Just one of the scandals linked to this and the extent of the abuse people suffered hit the press in 2012 through a BBC Panorama programme[1]. Another recent scandal to explode onto the headlines was in Durham at Whorlton Hall[2]. The scenes recorded are shocking and an indictment on a society which believes itself to be ‘civilised’. Sadly, there are more cases; the story of Bethany, a young woman and her dad’s fight to get her home and out of St Andrew’s Hospital, an assessment and treatment unit in Northampton where she was kept in seclusion for 21 months from age 15. Her father reported her food was slid across the floor “like feeding a vicious dog”[3] and she was in a windowless furniture-less locked ‘cell’[4] with barely any human contact. These real-life stories are heart-breaking and make me cry.

Another discrimination or injustice people with learning disabilities face is dying much younger than the rest of the population, with men dying 13 years younger and women 20 years younger than the rest of the population as demonstrated in the Bristol research from 2013[5]. This comes in tandem with massive health inequalities and unnecessary deaths as defined by a government department NHS England in their LeDeR Programme which looks into unexpected deaths of children and adults with learning disabilities[6]. The fact there is a government funded programme to investigate what is happening demonstrates there is a massive problem. Prejudice is sadly apparent in the NHS where during the initial Covid 19 crisis Do Not Resuscitate orders were placed upon people with learning disabilities just because they had a learning disability, without a health complaint to justify it and without being consulted, which is believed to be illegal[7]. This makes me literally feel sick. Some of my best friends have a learning disability. This news will not be popular to those who believe in the much-loved institution of the NHS. But these are the stories of the marginalised and often forgotten few, who amount to 2% of our population or approximately 1.5million people. It may shock you that many members of our society are treated this way by our government institutions.

The recent scandal regarding the slow government reaction to supporting older people in care homes during Lockdown One[8], was eclipsed by an even slower response for adults with learning disabilities living is residential settings or shared living arrangements. Kate Lee the Chief Executive of the Alzheimer’s Society said about the population of older people in residential care homes “it feels like they are being written off.”[9] While the lack of support to keyworkers supporting citizens classed by the government as ‘vulnerable’ adults in the community,including guidelines and protection (PPE) for them and the people they were supporting, was appalling and appears to have been a epic oversight with the focus for the majority of the initial lockdown period being on the NHS and hospitals.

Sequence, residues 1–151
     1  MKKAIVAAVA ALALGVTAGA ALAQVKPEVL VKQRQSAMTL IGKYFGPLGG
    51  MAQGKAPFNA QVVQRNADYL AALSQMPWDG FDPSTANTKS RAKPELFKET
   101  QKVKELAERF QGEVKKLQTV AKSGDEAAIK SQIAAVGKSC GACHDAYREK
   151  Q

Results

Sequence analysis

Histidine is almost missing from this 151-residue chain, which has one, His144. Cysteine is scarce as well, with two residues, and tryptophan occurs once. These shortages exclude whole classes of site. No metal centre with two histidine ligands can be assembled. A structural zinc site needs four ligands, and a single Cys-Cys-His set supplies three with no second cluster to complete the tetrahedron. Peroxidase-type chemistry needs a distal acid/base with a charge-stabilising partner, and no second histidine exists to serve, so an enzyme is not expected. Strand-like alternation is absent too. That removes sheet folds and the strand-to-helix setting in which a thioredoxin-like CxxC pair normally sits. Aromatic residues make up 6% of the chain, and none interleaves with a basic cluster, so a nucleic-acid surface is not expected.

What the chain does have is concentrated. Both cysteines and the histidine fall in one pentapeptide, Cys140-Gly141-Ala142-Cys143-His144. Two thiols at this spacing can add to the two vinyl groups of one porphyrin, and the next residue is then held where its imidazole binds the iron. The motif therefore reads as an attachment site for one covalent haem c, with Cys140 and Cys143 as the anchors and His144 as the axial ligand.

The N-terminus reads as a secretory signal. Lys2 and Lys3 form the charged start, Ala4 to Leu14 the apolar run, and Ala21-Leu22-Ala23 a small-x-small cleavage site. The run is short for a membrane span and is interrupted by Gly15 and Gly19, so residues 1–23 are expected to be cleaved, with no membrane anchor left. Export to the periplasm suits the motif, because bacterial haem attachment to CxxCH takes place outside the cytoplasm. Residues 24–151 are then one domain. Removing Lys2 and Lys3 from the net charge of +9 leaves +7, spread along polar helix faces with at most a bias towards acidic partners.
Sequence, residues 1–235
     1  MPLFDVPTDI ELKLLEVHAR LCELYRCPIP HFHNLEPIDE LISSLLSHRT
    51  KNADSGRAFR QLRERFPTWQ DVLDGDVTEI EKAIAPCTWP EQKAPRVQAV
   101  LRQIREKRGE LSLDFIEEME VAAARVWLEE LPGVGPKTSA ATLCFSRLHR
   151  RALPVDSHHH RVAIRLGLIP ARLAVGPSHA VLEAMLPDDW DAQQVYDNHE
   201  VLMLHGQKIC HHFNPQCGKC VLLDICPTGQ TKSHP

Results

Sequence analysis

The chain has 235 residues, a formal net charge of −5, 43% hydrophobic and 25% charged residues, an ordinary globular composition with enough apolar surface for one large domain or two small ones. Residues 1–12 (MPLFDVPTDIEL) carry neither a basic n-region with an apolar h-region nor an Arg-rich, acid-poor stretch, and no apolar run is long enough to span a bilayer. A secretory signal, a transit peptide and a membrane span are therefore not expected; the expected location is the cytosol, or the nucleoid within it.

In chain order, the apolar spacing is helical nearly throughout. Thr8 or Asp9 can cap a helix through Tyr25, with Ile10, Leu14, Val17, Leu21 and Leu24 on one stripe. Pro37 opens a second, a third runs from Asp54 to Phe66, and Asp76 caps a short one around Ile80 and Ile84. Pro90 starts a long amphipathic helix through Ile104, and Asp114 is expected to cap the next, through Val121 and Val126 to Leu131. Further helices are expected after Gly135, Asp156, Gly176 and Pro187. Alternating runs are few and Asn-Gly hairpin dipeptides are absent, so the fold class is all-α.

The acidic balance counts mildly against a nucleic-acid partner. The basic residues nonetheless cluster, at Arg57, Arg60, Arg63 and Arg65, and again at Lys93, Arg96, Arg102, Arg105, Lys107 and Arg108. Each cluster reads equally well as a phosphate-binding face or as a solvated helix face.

This all seems rather grim but there is hope as people, including my colleague, fight for a more just society and modernisation of the welfare state to ensure that the welfare state primarily helps us to ‘live together as equals, in particular, as equal citizens.’[10] This fight includes exploring Universal Basic Income as a way to radically transform the way we live.[11]

Quotes like this help me understand the massive shift I believe we need to make as a societyin our thinking about the welfare state from one where the headlines are “Welfare to Work policy ‘casts the disabled as cheats’”[12]to one where we believe that eradicating poverty is essential because ‘poverty means you lack what you need to live as an equal with others.’[13] As Duffy states;

‘In fact the man who named the welfare state the ‘welfare state’ was Archbishop William Temple and he had a very different vision of the kind of welfare state we really need. Temple’s vision put love at the centre of welfare’[14]

He envisioned a welfare state where,as John O’Brien promulgates, we ‘…discover the ways that love… can generate a way of living together that embodies justice, humanity, spirit, equality and community.’[15]For me a new understanding of equality is needed. A new level of connection between members of society to understand how alike we are and as a colleague who has Down’s syndrome recently said to me “We are more alike than different!” This young woman and other colleagues give me hope. Hope for a society free from poverty, free from prejudice and free to give and receive, respecting all the difference we represent, including all our different skills, abilities and gifts to each other. I want to finish with this amazing quote of hope from another man of hope Martin Luther King:

‘Justice is love correcting that which revolts against love.’[16]

The recipe of hope today is, think about what you hope will change in society.Is there something you can change or do to make it a fairer, more kind and just world to live in?